This image relates to my topic by showing the death of a loved one. Hanna takes her life the day before she was going to get out of jail, leaving Michael all alone to sort out his feelings. This shows how people react to the death of a loved one just like Micheal's reaction.
This photo relates to my topic by showing one of the ways the Nazis disposed of their inmates bodies. In my book, Hanna goes on trail for burning some prisoners alive in a church. This image shows how the Nazi's burned their prisoners just like in the book.
The Illinois Holocaust Museum tells the story of the Holocaust through interactive exhibitions that move and inspire. World-class special exhibitions explore broad themes related to the mission of the Museum which aim to foster the promotion of human rights and the elimination of genocide.
Katelyn Hill's insight:
The Illinois Holocaust Museum and Education Center's founding principle is to Remember the Past, Transform the Future. Their mission is to honor the memory of those who lost their lives and the survivors courage/strength to carry on. They also teach children about the horrors of prejudice, hatred and indifference. They have different exhibits where the talk about life before the World War II, concentration camps, misconceptions about the Holocaust.You also get to see some of the survivors reflections about the Holocaust. The Illinois Holocaust Museum and Education Center connects to "The Reader" because the both detail events that happened during the Holocaust. Schlink talks about Hanna trail when she is accused of mass murder by not unlocking a church door when people were in the church and it was on fire. The museum talks about everything that happened during the Holocaust and the mass murder took place during the death march from the camp in Auschwitz, so they both talk about something that happened during the Holocaust.
In the Encyclopedia of the Holocaust, the section, "Trials of War Criminals: Subsequent Nuremberg Proceedings", talks about the Nuremberg Trails. Criminal trails on charges of aggression, war crimes, crimes against humanity, and membership in an organization aiming at such crimes were conducted. Charges against humanity were punishable under the principles of international law. There were 1,200 sessions of twelve trails and 177 people were tried.
Schlink and the encyclopedia detail about the Nuremberg Trails. Schlink talks about how Micheal doesn't miss a single day of trail (Schlink 99). He also describes the trails, for example, when the judge was questioning the defendants about why they didn't unlock the church doors when the building was burning and eventually Hanna says that she did write the report on the burning church (Schlink 124). Hanna ends up going to jail for being apart of the massacre that accrued at the church. Similarly, Schlink and the encyclopedia go into detail about the charges that the defendants were accused of in the Nuremberg Trails. They both also talk about who were the people being put on trail.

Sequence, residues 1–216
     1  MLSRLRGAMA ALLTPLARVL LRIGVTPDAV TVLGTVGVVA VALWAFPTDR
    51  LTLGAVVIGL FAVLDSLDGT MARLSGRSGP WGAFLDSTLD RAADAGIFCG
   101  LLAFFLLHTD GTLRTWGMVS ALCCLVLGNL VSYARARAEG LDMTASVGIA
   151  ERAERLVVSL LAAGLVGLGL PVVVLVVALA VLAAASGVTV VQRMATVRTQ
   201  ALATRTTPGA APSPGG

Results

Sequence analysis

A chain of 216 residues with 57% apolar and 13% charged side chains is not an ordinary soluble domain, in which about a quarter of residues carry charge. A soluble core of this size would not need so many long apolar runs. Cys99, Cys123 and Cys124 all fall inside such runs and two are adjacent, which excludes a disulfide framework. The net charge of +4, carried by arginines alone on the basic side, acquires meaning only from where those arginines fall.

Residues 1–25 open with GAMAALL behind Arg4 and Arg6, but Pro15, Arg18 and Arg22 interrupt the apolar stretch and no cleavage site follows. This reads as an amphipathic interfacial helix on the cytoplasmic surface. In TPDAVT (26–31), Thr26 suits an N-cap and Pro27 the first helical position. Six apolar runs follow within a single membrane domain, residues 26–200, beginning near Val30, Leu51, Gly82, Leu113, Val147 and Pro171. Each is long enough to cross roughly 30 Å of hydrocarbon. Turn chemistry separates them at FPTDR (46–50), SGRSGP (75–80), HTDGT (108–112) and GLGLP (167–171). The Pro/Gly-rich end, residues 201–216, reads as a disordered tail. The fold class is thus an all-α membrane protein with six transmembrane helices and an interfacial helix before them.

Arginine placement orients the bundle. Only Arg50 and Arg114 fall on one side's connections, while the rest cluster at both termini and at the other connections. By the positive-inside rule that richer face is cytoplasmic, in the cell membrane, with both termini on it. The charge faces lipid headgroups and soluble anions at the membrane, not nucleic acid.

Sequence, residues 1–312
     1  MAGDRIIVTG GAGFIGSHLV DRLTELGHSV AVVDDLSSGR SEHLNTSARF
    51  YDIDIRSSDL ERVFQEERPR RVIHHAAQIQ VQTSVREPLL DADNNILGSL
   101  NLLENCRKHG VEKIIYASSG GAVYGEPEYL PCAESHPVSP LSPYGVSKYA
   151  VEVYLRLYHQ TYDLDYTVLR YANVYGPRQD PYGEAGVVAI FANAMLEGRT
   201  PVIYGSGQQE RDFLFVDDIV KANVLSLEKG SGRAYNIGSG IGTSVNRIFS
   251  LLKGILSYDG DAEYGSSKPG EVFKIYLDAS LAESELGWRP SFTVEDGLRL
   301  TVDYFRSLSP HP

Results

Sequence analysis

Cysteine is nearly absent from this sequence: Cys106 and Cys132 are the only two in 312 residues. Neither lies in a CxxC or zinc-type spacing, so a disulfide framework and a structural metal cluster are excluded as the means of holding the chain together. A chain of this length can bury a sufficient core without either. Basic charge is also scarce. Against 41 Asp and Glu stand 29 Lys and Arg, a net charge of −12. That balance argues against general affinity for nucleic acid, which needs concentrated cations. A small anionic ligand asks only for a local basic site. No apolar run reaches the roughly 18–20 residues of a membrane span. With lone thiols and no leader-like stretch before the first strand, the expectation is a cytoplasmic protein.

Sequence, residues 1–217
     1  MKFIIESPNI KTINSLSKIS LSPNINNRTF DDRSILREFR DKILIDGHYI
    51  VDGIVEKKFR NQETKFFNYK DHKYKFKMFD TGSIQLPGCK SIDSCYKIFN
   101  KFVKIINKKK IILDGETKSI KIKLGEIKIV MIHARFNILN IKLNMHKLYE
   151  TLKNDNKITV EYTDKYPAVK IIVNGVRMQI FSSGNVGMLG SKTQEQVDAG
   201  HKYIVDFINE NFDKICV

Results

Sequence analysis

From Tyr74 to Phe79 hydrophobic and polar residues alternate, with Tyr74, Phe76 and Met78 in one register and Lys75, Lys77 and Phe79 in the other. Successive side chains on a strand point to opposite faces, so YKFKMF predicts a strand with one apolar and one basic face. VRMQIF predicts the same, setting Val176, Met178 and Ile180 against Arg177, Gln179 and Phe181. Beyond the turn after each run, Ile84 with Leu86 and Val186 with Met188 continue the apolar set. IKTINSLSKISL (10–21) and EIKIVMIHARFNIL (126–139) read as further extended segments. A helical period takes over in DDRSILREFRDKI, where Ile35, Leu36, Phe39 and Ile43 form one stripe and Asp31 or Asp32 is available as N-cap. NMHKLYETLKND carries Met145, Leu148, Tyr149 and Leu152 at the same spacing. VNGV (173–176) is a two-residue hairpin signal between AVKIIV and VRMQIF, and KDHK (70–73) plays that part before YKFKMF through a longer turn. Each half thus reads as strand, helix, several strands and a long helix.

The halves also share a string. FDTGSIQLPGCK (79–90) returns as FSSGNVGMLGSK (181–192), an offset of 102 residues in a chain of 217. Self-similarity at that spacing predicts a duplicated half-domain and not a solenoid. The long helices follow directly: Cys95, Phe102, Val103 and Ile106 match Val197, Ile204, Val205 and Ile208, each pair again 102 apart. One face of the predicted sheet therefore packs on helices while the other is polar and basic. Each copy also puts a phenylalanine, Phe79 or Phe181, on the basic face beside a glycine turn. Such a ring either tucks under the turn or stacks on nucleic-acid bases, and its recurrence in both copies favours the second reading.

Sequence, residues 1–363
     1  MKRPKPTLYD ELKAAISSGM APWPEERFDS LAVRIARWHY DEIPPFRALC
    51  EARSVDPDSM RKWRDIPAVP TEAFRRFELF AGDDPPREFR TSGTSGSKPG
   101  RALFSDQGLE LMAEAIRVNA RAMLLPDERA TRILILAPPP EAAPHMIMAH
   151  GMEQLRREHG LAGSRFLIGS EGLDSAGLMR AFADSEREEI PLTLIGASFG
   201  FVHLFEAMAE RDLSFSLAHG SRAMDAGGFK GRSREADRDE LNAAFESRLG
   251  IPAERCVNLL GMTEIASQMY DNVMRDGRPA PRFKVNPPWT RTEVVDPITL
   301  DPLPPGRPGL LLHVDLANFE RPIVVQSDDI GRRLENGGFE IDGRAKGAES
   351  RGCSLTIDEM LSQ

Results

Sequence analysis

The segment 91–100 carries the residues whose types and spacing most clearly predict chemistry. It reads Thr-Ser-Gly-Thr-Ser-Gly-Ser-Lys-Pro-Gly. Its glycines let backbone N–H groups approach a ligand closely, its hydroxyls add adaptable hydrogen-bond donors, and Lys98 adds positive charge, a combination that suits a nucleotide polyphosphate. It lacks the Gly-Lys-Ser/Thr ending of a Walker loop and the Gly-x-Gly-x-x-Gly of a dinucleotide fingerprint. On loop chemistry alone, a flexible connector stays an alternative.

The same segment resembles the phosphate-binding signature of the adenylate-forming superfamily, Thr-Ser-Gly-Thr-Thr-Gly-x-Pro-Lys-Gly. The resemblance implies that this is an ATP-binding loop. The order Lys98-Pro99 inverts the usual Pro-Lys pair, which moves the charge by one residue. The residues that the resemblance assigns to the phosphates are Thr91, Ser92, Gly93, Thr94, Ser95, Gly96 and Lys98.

Germany is a very beautiful place to visit, they have great landscapes and magnificent monuments to see. Most Germans speak English, so you won't have too much trouble getting around. You can walk, take a train or rent a car to ride get around Germany. Pork is the most consumed food in Germany, so if you are a vegetarian it might be harder to find food to eat.
This photo relates to my topic by detailing about relationships between older women and younger men. In the book, Hanna and Michael form a romantic relationship. The image shows an older women and a younger boy hugging each other just like Hanna and Michael.
This is a three-part series of the Nuremberg Trial.
Katelyn Hill's insight:
In this documentary, they talk about the Nuremberg Trails. It goes over the war lords who were trailed but it mostly talks about Albert Speer. He was in charge of keeping the war machine going, he was not put to death because he said that the Nazis were wrong for what they did to everyone. Fritz Sauckel had the same charges as Speer but he was put to death and not pardoned like Speer. Speer felt responsible for everything that happened and that it was duty to let the German people know what happened. He thought that Hitler should be disgraced and not celebrated. Some people think that Speer might have been the most intelligent and in depth defendant on trail, that he only said sorry to get away with being sentenced to death and that he should have also been sentenced to death. Speer became famous as the Nazi who said sorry.
This documentary and Schlink's story are similar because the both detail about the Nuremberg Trails. Schlink talks about Hanna being on trail for days because of a crime she was accused of along with others. The documentary also has war lords who were on trails for days because of crimes they were being accused of doing. Hanna is sentenced to life in prison for the crimes she committed. Speer has sentenced to 20 years in prison for mostly forced labor. Schlink and the documentary both talk about what happened during the Nuremberg Trails and what happened the people who were on trail.
A recent study lends insight into age differences in romantic relationships
Katelyn Hill's insight: